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The 10 best Mets minor league pitchers I saw this year: 7, Marcel Renteria

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Counting down the best minor league pitchers I saw in 2018.

Marcel Renteria
Steve Sypa

Disclaimer: This is a ranking of the best players that I saw during the 2018 season. I saw a wide cross-section of teams in 2018, seeing the Kingsport Mets, Brooklyn Cyclones, Columbia Fireflies, and Binghamton Rumble Ponies, but I did not see the GCL Mets, St. Lucie Mets, or Las Vegas 51s, nor did I attend every single game of the teams that I did see. As such, this is not a comprehensive Mets prospect list. If a player is not on the list, I either did not see him, or considered the listed ten players better.

Name: Marcel Renteria

Team: Columbia Fireflies

Position: RHP

Born: 9/27/94

Height: 5’11”

Weight: 185 lbs.

Bats/Throws: R/R

Acquired: 2017 Draft, Round 6 (New Mexico State)

2018 Season: 15 G (15 GS), 76.2 IP, 77 H, 12 R, 12 ER (4.23 ERA), 23 BB, 72 K, 7 HBP, 1 BLK, 1 WP, .329 BABIP

Date(s) Seen: July 14 @ Lakewood (2 IP, 2 H, 0 R, 0 ER, 2 BB, 1 K)

The Man

Baseball runs in Marcel Renteria’s blood. Though he is not part of a storied baseball family, he is related to not one, but two former players: Dave Oropeza, who played in the Montreal Expos system but never made it past Low-A ball, and Gil Heredia, who had a ten-year career between 1991 and 2001 with the San Francisco Giants, Montreal Expos, Texas Rangers and Oakland Athletics. A First-Team All-Conference pitcher out of Nogales High School in Arizona, Renteria did not garner much interest from major league clubs during his senior year and went undrafted in the 2013 MLB Draft. He attended Pima Community College, a junior college in Pima County, Arizona, and in his first year there posted a 2.00 ERA in 72.0 innings, allowing 57 hits, walking 37, and striking out 75. In his second year there, he pitched only 26.1 innings, posting a 3.76 ERA, allowing 23 hits, walking 17, and striking out 18.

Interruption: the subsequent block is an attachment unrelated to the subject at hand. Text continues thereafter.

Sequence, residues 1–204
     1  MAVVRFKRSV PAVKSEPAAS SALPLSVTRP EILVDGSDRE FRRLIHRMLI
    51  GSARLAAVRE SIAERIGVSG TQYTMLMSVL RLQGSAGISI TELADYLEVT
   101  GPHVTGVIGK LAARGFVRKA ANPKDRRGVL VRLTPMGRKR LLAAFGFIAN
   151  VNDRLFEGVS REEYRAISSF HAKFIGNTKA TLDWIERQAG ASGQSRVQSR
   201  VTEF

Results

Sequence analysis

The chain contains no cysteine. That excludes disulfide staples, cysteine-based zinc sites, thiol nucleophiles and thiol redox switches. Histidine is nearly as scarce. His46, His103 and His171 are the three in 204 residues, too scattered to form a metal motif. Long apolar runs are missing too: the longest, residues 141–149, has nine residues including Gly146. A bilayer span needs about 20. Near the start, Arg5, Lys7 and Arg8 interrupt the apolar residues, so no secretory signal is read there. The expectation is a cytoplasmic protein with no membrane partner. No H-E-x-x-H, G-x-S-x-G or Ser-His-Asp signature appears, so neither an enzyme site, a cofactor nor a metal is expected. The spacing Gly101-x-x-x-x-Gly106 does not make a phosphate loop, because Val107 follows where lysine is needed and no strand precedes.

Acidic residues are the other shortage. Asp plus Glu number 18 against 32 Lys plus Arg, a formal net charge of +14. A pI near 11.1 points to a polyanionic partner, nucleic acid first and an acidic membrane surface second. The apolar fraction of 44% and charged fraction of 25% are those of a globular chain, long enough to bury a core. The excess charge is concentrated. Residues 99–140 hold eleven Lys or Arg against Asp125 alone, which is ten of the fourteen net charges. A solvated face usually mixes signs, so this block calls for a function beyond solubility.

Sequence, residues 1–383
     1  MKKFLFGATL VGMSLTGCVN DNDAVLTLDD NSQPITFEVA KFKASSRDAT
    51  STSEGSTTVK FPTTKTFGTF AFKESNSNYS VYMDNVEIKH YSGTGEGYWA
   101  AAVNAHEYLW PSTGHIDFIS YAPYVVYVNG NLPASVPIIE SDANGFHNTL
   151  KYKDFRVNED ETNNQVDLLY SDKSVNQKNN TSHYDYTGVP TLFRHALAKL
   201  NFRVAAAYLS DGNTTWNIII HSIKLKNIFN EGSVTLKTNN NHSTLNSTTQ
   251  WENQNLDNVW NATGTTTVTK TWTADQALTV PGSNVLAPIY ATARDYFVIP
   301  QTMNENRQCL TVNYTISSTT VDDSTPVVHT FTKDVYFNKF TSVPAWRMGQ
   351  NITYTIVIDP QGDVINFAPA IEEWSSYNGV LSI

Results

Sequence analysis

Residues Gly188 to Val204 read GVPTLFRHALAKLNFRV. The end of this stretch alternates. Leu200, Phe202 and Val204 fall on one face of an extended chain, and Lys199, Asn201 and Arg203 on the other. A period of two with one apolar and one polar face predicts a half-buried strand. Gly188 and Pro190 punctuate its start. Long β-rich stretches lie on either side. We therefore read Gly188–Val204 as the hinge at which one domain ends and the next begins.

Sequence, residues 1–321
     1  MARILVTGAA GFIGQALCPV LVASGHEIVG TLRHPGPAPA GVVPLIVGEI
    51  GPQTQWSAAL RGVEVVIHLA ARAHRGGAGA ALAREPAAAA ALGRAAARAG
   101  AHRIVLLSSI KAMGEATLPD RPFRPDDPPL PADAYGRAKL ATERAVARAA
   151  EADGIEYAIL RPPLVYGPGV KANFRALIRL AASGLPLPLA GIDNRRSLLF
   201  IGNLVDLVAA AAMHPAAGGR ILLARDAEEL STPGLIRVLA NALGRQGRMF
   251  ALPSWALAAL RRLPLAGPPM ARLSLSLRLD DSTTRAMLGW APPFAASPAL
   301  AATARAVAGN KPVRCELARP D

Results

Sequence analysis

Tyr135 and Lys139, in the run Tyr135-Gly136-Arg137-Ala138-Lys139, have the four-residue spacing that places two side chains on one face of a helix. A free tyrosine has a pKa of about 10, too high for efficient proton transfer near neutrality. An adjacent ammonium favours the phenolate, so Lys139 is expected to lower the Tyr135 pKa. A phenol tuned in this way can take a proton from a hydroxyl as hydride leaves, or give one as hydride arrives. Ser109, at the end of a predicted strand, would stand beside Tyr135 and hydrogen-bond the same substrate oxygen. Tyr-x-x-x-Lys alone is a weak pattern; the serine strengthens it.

The right-hander transferred to New Mexico State University in 2016 and posted a 4.74 ERA in 79.2 innings in his first year there, allowing 84 hits, walking 44, and striking out 79. In 2017, he posted almost identical numbers. He posted a 4.78 ERA in 79.0 innings, allowing 81 hits, walking 30, and striking out 86.

The Mets selected Renteria in the 6th round of the 2017 MLB Draft, assigning him to the Brooklyn Cyclones. He posted a 9.53 ERA in 11.1 innings there, allowing 15 hits, walking 7, and striking out 17. Though he was never put on the disabled list, he was clearly compromised, as his fastball velocity was down. He began the 2018 season with the Columbia Fireflies and came out of the box struggling once more. He was put on the disabled list twice early in the season, suffering from arm discomfort. He was eased back into the swing of things after being reactivated in mid-July hit and hit his stride late in the season. All in all, he posted a 4.23 ERA in 76.2 innings, allowing 77 hits, walking 23, and striking out 72. He was much better in the second half than the first half, posting a 5.61 ERA in 33.2 innings in the first half and a 3.14 ERA in 43.0 innings in the second.

The Pitcher

Marcel Renteria was drafted on the power of his arm. When fully healthy, his fastball sits in the low-to-mid-90s, capable of touching as high as 99 MPH. Renteria has spent much of his Mets career pitching compromised, either dealing with fatigue or injury. Throughout much of 2017 and 2018, his fastball velocity was down significantly, getting as low as the mid-to-high-80s. When I saw him, he was fresh off of the disabled list and was sitting 91-95 MPH. While the pitch has velocity, it lacks much movement. He complements his fastball with a slider-cutter hybrid that sits 86-89 MPH.

Looking To 2019

Health has been an issue in Renteria’s short career, but he seemed to get past his arm discomfort in the second half of 2018 and will hopefully avoid the injury bug in 2019. Given his size, durability is a concern, and at some point, Renteria may be better suited pitching out of the bullpen. The Mets have vowed to keep the right-hander a starter until it is clear he cannot start, but given his lack of a third pitch and the crowded pitching rotation that the St. Lucie Mets will likely begin the year with, Renteria might find himself starting the 2019 season in the bullpen.